Causes of Hypothyroidism
Hashimoto’s thyroiditis is the most common cause
The most common cause of hypothyroidism is Hashimoto's thyroiditis (or autoimmune hypothyroidism), a form of thyroid inflammation caused by your own immune system. But this isn't the sole cause of hypothyroidism—there may be a variety of other reasons why you have developed the disorder. This article gives an explanation of each of the possible causes of hypothyroidism.
Hashimoto's thyroiditis is a common disorder. It affects as many as 10 million people in the US alone, and approximately 10% of women over age 30 have Hashimoto's thyroiditis (the disease affects women ten times more than men).
Hashimoto's thyroiditis is characterized by thyroid inflammation due to attacks from the body's own immune system on the thyroid gland. This causes the thyroid's tissue to gradually decay, which directly impacts the thyroid's ability to produce hormones. This will eventually result in hypothyroidism when the thyroid is unable to make the amount of thyroid hormone that your body needs.
When the body's immune system attacks its own healthy tissue, it's known as an autoimmune disorder. If you have an autoimmune disorder, such as rheumatoid arthritis, type 1 diabetes, or Addison's disease, and have symptoms of hypothyroidism, you should talk to your doctor about also getting checked for Hashimoto's thyroiditis.
Problems with the Thyroid Itself
If your thyroid has been surgically removed, you'll develop hypothyroidism. Fortunately, your doctor will start you on a course of thyroid hormone replacement medications before you even begin to experience hypothyroid symptoms.
Hypothyroidism may also be caused by congenital thyroid agenesis (being born without a thyroid), and the destruction of the thyroid by radioactive iodine (radioactive iodine therapy is a common treatment for thyroid cancer patients and patients with hyperthyroidism).
Some medications may cause hypothyroidism, including:
- Amiodarone: Used to treat heart rhythm conditions, this drug has a high iodine content, which can inhibit the synthesis and release of thyroid hormone and also conversion of peripheral conversion of T4 to T3, causing hypothyroidism in 5-20% of the patients. Iodine is critical to thyroid health—but too much or too little can cause it to stop working correctly.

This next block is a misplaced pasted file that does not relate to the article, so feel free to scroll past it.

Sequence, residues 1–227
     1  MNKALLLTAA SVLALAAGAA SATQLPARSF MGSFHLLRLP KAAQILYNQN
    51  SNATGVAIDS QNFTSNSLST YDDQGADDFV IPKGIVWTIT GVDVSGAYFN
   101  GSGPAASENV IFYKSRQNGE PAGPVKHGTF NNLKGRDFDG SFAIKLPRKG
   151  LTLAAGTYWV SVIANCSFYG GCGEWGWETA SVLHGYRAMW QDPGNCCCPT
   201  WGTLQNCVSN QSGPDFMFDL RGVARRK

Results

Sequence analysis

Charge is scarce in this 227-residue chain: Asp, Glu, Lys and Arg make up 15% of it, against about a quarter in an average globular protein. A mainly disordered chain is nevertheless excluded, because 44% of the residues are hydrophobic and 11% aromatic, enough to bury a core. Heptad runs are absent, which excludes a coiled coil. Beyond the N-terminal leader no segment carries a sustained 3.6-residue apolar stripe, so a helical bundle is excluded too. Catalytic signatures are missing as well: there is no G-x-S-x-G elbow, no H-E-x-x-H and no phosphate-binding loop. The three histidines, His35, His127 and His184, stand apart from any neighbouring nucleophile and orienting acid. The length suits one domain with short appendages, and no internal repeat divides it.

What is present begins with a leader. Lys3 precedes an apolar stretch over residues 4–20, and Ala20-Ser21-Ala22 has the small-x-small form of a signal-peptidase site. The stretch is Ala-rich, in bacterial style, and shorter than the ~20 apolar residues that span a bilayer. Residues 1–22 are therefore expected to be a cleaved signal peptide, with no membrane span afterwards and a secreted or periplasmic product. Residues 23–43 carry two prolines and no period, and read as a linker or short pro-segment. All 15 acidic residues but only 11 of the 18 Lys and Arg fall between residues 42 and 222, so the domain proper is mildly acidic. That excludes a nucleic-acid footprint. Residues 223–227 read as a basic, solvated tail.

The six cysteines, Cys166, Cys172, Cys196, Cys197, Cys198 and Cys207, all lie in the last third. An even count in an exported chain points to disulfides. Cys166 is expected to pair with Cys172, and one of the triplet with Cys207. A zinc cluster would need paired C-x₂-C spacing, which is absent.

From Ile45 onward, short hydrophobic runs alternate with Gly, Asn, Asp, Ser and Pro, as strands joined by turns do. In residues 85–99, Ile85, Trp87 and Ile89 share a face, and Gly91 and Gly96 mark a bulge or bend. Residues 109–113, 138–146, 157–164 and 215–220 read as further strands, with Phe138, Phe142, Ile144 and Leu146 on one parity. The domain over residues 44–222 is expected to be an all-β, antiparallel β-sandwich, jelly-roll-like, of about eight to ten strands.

- Anti-thyroid medications: These medications treat overactive thyroid glands. Doctor supervision is highly important, as taking these drugs at too high a dose can result in hypothyroidism.
- Interferon-alpha: Patients with certain malignant tumors, as well as those with hepatitis B and C, use this medication. A small amount of patients develop a thyroid disorder, such as hypothyroidism, as a result.
- Interleukin-2 (IL-2): This medication may be prescribed to patients with some metastatic cancers and leukemia. About 2% of patients on this drug develop a thyroid disorder.
- Lithium: This drug treats depression and bipolar disorder. But because lithium slows the production and release of thyroid hormones, a significant amount of patients—20-30%, in fact—develop hypothyroidism.
Abnormal Growths in the Thyroid
It's possible that abnormal growths can "invade" the thyroid and take the place of healthy tissue. There are a few disorders that cause this, and one example is an autoimmune disorder called sarcoidosis. In sarcoidosis, inflamed tissue forms throughout the body. This inflammation can replace healthy thyroid tissue, which will inhibit thyroid hormone production. This eventually results in hypothyroidism.
Problems in the Pituitary
A rare cause of hypothyroidism may have little do to with the actual thyroid gland and more to do with the gland that actually controls it—the pituitary. A problem in the pituitary gland (such as a tumor) may impact its ability to produce thyroid stimulating hormone (TSH). Without TSH, the thyroid won't produce and secrete hormones because it doesn't have the "signal" from the pituitary.
In rare cases, the genes that regulate thyroid hormones may be damaged. This directly affects thyroid hormone production, thus possibly causing hypothyroidism. Most genetic causes of hypothyroidism are apparent at birth or early infancy.
Though Hashimoto's thyroiditis is the most common cause of hypothyroidism, you may have developed the disorder a variety of other ways. What's most important is to start discussing the next steps to take with your doctor. He or she will help you get started on a treatment plan that will effectively manage your hypothyroid symptoms.